Surrounded by 5,000 marketers. And 70-plus customers. That’s what Gordon Evans predicted for me, and by my best count he’s right. Atlanta is humid, but not yet scorchingly hot. Rain threatens, but I think I’ve figured out how to get from my hotel to the Georgia World Conference center without stepping more than twenty yards outdoors.
It’s Salesforce Connections 2016–or CNX16 as it’s conveniently hashtagged. Last year was a home game for me at the vast, looming Javits Center on New York’s far west side. The short flight down to Atlanta seemed somehow more convenient than waiting in a brisk Hudson River wind for the M23 bus. It’s an embarrassingly long time since I’ve visited, but it would take me almost as long walking down Peachtree to tell you what’s changed. So far, it’s been hotel, keynotes, and some interviews.
Ah, keynotes: Scott McCorkle, Marketing Cloud CEO, retweeted me, which gave extra meaning to my day, of course. Speaking to Evans, VP of Product Marketing for the Marketing Cloud, prior to CNX, he’d told me that McCorkle would announce Marketing Cloud Lightning (as reported earlier today). He did, and he put it in the anticipated context: “Everyone and everything is connected…It’s dangerous to think there are haves and have-nots in digital technology”–in other words, companies which are undergoing digital transformation and companies which don’t see it as relevant to them. He talked about Uber, Airbnb, and the other disrupters; lessons for everyone there, because “the change isn’t happening to technology itself, it’s happening to the customer.”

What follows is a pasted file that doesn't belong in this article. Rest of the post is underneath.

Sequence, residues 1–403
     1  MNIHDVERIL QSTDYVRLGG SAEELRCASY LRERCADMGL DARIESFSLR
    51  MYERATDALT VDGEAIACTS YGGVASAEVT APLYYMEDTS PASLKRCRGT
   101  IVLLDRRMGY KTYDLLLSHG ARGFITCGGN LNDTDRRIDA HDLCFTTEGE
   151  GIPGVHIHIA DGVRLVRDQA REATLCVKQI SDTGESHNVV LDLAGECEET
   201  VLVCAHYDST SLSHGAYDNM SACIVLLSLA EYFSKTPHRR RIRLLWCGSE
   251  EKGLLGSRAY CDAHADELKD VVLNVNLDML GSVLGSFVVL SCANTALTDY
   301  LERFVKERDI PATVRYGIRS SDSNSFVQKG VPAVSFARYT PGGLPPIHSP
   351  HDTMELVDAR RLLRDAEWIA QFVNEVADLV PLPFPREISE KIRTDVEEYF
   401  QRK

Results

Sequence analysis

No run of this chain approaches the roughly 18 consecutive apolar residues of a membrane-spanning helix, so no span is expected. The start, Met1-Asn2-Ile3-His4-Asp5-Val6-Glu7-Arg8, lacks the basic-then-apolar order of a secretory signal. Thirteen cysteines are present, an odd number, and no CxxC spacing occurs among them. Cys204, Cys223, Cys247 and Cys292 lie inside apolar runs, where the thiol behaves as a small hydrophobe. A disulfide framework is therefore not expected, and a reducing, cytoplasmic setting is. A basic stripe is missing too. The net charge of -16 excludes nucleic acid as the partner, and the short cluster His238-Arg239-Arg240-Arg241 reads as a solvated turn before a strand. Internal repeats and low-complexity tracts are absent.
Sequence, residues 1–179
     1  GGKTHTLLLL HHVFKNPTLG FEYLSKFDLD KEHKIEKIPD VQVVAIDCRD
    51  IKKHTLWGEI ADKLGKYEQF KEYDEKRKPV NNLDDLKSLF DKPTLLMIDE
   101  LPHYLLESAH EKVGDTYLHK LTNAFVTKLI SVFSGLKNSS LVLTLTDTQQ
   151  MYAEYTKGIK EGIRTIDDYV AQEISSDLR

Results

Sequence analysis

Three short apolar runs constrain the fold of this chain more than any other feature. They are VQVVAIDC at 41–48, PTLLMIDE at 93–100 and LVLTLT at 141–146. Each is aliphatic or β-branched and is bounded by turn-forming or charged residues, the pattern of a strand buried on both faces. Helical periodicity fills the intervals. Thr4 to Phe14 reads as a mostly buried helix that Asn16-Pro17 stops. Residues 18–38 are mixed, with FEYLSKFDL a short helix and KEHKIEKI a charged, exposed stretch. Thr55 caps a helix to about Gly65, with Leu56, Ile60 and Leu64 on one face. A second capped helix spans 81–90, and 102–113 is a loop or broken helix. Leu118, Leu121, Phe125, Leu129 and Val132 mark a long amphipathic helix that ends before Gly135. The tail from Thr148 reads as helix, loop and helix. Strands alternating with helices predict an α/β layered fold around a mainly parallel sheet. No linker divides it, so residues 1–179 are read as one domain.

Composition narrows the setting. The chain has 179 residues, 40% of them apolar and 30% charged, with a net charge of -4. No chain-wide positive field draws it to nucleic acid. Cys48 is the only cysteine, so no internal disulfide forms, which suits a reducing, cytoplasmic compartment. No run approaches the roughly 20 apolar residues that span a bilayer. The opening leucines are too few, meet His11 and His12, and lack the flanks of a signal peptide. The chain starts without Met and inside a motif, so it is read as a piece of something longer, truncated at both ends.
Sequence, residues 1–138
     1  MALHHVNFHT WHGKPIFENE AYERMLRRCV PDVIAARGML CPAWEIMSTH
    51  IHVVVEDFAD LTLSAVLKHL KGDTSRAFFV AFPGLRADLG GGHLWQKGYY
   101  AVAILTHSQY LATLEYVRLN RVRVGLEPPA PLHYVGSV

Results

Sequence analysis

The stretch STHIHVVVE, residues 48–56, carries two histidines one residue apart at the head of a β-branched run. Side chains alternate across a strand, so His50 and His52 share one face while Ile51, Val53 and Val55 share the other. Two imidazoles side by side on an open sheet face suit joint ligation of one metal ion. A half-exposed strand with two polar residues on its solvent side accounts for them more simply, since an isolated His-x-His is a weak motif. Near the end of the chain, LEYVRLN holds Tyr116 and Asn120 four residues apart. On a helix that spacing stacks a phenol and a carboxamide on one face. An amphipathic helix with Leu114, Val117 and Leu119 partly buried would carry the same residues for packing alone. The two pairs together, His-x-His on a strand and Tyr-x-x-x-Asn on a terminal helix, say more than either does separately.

It’s all about the customer experience, of course, supported–McCorkle would say (did say, I’m sure)–by the Salesforce Customer Success Platform. That’s all the clouds: Sales, Service, Marketing, Data, Community, Analytics, App. Oh, and don’t forget IoT (Thunder), which McCorkle acknowledges is still a work in progress. Just what is the customer experience? That’s one thing I hope to find out in Atlanta this week, because there’s been a lot of debate recently.
We all think we know what it is: after all, who doesn’t use the phrase all the time? But is it really just making the customer feel good so that h/she buys the product? Or is it a thing–so tangible, in fact, that companies will soon be competing on the basis of superior experience as much as superior products or services. Gartner bets on the latter: “(A)s competition and buyer empowerment compounds, customer experience itself is proving to be the only truly durable competitive advantage. A recent Gartner survey…found that, by 2016, 89% of companies expect to compete mostly on the basis of customer experience, versus 36% four years ago.”
I plan on finding out what some Salesforce customers think–but we do now know which solution McCorkle locates at the heart of delivering that superior customer experience. Journey Builder. The 1:1 customer experience solution which isn’t just the jewel in the Marketing Cloud’s crown, but is steadily integrating data from all those other clouds (see above–perhaps most notably, Sales Cloud CRM data).
“Journey Builder has become the most important product in digital marketing and customer experience.” For me, that was the most striking moment in McCorkle’s keynote this morning. (I place his interview with Congressman John Lewis on another level, and kudos to Salesforce for continuing to highlight equality as a core company value).
The most important product in digtial marketing and customer experience. Quite a statement: and when I tweeted it, the CEO doubled down:
I truly believe this. #CNX16
Fair enough. Let’s see how customers are using it, and what they mean by delivering that good old seamless, satisfying customer experience.
Salesforce covered The Hub’s travel and expenses to attend Connections 2016.